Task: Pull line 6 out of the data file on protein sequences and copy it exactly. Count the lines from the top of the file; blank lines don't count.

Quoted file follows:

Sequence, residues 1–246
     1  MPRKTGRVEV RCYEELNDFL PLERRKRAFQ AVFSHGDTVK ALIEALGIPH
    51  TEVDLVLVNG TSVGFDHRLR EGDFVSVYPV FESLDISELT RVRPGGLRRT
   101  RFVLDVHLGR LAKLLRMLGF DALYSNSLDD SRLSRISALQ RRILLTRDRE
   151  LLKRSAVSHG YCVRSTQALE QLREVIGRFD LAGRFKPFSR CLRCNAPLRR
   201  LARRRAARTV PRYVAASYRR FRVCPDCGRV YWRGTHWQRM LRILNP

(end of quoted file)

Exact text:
   201  LARRRAARTV PRYVAASYRR FRVCPDCGRV YWRGTHWQRM LRILNP